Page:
Consumer affairs champion Martin Lewis (above) has challenged the major party leaders to explain their policies on leasehold as part of an online election debate.
It’s the biggest consumer decision most will make in 2019. While it’s important to factor everything in, voting to choose who should govern has a big impact on the pound in your pocket, and everyone else’s too.
With the exception of the Brexit Party’s Nigel Farage, leaders of all the mainstream parties standing for seats in England and Wales responded to the call.
Where Jeremy Corbyn repeated the language and pledges of his party’s manifesto, which has pledged to “end the scandal of leasehold for the millions who bought their home but don’t feel like they own it”, Boris Johnson confirmed that the Conservatives will “continue with our reforms to confront unfairness in the leasehold market”.
Using the word “unfair” seems stronger than what was in the Tory manifesto, which referred to “redress mechanisms”.
The policy prospectus also described leaseholders – who have the overwhelming financial stake in their buildings – as “tenants”, which is technically correct but might suggest the interests of landlords could be protected in any reforms should the Conservatives return to power and implement the Law Commission’s recommendations.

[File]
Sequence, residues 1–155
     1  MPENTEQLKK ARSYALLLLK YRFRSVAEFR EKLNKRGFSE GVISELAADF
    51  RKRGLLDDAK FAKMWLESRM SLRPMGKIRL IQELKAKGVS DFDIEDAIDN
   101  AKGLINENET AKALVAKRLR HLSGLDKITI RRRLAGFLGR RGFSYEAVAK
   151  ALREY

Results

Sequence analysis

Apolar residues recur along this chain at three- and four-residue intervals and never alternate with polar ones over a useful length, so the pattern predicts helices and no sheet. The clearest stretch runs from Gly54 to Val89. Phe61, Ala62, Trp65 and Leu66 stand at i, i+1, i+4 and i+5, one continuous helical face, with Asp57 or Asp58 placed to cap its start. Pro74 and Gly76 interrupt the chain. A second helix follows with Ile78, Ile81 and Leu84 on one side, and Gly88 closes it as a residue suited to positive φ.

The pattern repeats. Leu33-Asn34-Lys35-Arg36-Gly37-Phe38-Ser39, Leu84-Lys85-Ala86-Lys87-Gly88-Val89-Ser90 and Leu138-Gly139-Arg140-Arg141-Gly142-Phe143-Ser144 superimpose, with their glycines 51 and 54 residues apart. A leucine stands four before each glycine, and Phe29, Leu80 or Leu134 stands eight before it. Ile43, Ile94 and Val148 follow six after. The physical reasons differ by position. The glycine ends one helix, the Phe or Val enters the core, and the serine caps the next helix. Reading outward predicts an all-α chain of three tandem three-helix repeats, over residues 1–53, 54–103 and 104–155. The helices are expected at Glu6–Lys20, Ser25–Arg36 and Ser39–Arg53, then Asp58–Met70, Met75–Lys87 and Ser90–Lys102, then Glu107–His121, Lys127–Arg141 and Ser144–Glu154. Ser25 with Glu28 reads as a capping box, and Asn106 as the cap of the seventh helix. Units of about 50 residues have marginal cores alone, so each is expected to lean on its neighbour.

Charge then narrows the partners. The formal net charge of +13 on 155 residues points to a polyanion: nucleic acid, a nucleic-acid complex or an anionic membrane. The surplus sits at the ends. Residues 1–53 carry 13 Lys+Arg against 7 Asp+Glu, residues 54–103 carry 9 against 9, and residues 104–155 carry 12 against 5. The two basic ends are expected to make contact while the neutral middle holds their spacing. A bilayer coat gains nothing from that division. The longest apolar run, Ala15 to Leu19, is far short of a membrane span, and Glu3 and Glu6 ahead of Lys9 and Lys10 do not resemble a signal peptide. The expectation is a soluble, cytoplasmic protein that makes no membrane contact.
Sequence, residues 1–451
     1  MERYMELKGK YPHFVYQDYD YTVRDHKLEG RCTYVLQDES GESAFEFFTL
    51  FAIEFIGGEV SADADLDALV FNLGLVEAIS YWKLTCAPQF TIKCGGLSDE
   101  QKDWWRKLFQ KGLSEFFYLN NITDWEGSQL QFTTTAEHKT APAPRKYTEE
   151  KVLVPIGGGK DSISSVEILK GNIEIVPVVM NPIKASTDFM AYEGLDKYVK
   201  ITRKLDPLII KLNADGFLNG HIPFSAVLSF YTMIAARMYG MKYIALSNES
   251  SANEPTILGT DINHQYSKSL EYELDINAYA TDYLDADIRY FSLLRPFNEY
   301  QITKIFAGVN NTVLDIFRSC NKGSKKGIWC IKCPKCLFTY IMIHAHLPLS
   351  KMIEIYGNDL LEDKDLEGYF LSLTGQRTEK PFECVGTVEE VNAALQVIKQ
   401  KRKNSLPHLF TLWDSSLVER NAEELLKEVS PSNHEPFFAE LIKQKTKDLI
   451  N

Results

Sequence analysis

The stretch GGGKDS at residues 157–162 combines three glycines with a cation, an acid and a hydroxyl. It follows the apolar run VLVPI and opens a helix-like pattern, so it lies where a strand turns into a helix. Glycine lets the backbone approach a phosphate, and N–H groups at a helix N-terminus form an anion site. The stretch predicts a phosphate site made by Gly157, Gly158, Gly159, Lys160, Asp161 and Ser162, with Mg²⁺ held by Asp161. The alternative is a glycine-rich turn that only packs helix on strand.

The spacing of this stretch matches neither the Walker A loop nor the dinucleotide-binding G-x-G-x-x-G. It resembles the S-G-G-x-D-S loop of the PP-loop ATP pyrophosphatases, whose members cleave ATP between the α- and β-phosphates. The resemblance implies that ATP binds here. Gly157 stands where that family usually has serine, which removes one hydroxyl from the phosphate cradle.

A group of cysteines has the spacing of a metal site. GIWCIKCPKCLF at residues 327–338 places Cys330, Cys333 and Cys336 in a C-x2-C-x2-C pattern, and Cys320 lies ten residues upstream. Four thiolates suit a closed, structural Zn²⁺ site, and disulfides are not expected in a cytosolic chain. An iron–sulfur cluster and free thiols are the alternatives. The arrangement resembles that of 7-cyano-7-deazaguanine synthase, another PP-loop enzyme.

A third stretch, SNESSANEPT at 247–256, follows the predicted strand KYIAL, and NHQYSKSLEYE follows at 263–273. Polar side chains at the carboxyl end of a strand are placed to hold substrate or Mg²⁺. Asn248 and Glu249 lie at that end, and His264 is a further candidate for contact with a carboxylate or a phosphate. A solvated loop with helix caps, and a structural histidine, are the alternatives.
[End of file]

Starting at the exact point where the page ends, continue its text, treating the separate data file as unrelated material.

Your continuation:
Of the five who provided answers to moneysavingexpert.com, the UK’s biggest consumer website, Liberal Democrat Jo Swinson was the ONLY leader not to address the scandal that has been dubbed as ‘the PPI of the property industry’.
It continues the silence in the Liberal Democrat manifesto, which has stunned campaigners.
The SNP’s Nicola Sturgeon focused on her party’s wider housing offering, owing to the fact that leasehold has already been abolished in Scotland, which is the only territory where she is standing candidates to the UK Parliament.
Despite no mention of leasehold in its 2019 manifesto, Green Party co-leader Jonathan Bartley allayed fears that the Greens have lost their enthusiasm for commonhold flats:
“All new developments under a Green Government will be freehold, commonhold or co-operative owned.
We have a longstanding policy commitment to phase out residential leaseholds. Existing leaseholders would be given the right to buy their freehold at a fair price.”
Bizarrely, a Plaid Cymru government would only cap ground rents on new leases and not ban them altogether, a policy England’s Labour and Conservative parties both agree on.
Plaid Cymru’s Adam Price set out his party’s stall on leasehold as follows:
“We would also cap increases in ground rent to reflect actual costs and would outlaw leasehold homes in new estates.
We are also looking at introducing a windfall tax on the profits of large developers to put right the problems created over years by lax planning laws and the developers exploiting loopholes to cut corners and trap buyers into problem estates – for example, problems with leaseholds, unadopted roads and fire safety.”
The leaders fielded questions on the consumer concerns most popular with the website’s readers.
LKP understands the National Leasehold Campaign directed its fifteen and a half thousand Facebook members to vote to get leasehold to the top of the poll.